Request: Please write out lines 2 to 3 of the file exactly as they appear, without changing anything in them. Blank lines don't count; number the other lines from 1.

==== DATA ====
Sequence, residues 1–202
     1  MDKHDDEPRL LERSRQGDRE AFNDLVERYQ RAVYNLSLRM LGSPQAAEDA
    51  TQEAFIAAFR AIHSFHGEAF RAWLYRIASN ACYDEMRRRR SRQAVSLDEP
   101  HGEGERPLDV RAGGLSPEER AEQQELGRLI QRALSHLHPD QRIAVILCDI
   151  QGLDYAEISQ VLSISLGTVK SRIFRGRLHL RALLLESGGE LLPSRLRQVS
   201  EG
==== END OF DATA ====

     1  MDKHDDEPRL LERSRQGDRE AFNDLVERYQ RAVYNLSLRM LGSPQAAEDA
    51  TQEAFIAAFR AIHSFHGEAF RAWLYRIASN ACYDEMRRRR SRQAVSLDEP